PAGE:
Particularly striking was an article about Russian space weapons of which the headline was a blatant clickbait: "U.S.: Russians shot down our military satellite." The article stated that Russia had used a "laser complex" to shoot down an American satellite. However, this information was proven false.
In line with the long-standing disinformation thesis, a threatened and peaceful yet strong Russia would therefore be able to deal with Ukraine and the West effortlessly.
Respect Kremlin's “red lines”
In further attempts to justify the Kremlin's demands and pressure, the disinformation media repeatedly cite Putin's statements that Russia wants constructive dialogue based on mutual respect and that the West does not take Russia's "red lines" seriously enough.
The articles also highlight Putin's statements that he would seek binding guarantees that Ukraine would not join NATO as part of a resolution of the situation.
The recurring disinformation narrative claims that such guarantees were already made as early as the 1990s but were allegedly broken by NATO's subsequent "expansion" eastward. An effort to "strengthen their security at the expense of the security of other states," was supposed to lead to the current tense situation.
However, these claims are false as NATO never made a promise to Russia in the 1990s that it would not expand into Central and Eastern Europe. This was in fact confirmed by former Soviet President Mikhail Gorbachev who in 2014 stated that, "the subject of NATO expansion was not discussed at all and was not even brought up in those years. I say this with full responsibility."
The association of the NATO enlargement process with terms such as "expansion" and "pressure" can also be seen as a deliberate appeal to the negative emotions of the public in order to portray the Alliance as the aggressor. NATO does not "expand" through "pressure", countries apply for membership out of self-interest in accordance with their national democratic procedures.
Needless to say, Ukraine is a sovereign state that has the right to freely decide on its membership in international organizations. Russia therefore has no right to demand any guarantees regarding its future political direction.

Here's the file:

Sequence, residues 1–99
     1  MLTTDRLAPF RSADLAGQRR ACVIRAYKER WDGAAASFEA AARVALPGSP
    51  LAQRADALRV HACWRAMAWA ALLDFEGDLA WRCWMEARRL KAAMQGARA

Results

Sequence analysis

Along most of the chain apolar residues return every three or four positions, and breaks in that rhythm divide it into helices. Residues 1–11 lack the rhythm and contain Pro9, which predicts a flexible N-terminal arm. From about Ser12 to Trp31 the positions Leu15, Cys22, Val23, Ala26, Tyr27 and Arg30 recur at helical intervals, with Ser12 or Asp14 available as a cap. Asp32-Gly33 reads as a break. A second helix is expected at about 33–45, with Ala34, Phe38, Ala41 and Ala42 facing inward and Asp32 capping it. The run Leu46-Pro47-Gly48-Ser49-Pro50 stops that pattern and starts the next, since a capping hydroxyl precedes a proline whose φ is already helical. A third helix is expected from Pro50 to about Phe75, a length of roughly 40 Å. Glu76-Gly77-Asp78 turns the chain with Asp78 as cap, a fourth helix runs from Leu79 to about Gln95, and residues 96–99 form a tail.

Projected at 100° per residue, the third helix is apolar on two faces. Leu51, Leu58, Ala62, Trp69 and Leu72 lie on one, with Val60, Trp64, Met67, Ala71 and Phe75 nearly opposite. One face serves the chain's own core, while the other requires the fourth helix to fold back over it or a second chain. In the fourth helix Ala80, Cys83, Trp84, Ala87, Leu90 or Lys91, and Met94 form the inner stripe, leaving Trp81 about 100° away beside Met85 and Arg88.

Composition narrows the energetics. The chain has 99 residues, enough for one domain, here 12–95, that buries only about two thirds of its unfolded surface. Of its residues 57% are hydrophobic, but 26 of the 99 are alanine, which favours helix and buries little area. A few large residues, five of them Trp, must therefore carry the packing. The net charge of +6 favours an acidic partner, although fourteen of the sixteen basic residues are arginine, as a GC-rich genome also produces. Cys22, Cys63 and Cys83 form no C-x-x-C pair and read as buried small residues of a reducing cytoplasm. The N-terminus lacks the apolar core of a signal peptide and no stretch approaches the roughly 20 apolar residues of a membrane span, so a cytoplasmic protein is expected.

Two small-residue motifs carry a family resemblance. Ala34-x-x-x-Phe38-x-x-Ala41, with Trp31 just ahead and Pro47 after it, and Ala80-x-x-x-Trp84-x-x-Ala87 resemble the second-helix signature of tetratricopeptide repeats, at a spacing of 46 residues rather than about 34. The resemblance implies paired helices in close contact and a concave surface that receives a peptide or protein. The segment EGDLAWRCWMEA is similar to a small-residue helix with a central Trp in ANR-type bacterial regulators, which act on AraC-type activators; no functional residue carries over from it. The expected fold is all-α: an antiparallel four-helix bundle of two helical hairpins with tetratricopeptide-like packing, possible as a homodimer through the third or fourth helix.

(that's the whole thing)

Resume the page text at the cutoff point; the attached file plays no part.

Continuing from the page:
Considering how much attention the tense situation on the Ukrainian border is receiving in the international media, it is not surprising that this has also been the go-to topic of disinformation actors over the past two weeks. What is striking and worrying, however, is how much attention they have received, especially in regards to Putin’s misleading statements, which are uncritically disseminated by Slovak disinformation websites.
A search for the posts that have received the most interactions (likes, comments and shares) in the last two weeks with the keyword "Putin" shows that the majority of the 5 most successful posts are from known disinformation actors and blogs.
The first is a blog post claiming that NATO is getting closer to Russia, which "has the right to protect itself." In second place is a post by a well-known disinformation actor and MP Ľuboš Blaha, who portrays the warnings of an invasion as "cries of CIA agents." The third and fifth posts come from credible media, while the fourth spreads Putin’s narratives of Russophobia and genocide against the Russian speaking population in the Donbas. The fourth comes from the same source as the first one.
Project Infosecurity.sk organised by STRATPOL – Strategic Policy Institute and Slovak Security Policy Institute, which is supported by the Prague office of the Friedrich Naumann Foundation for Freedom, continuously monitors the activities of both Slovak and foreign disinformation actors, but focuses mainly on the former. The project activities are built upon daily monitoring of emerging disinformation, hoaxes, and conspiracy theories in the online information space. This approach allows the analysts to identify disinformation posts and narratives that resonated with the public the most, as well as to find out where they originated, and how they spread and evolved on social media. The report takes the form of a bi-weekly summary of arising trends in the spread of malicious information content online. Based on that, Infosecurity.sk can warn the public about emerging and current trends in the field of disinformation, manipulation, and propaganda.
Matej Spišák is a Research Fellow at STRATPOL – Strategic Policy Institute in Bratislava and Editor-in-Chief at Infosecurity.sk.
Denis Takács is an Analyst at STRATPOL – Strategic Policy Institute in Bratislava.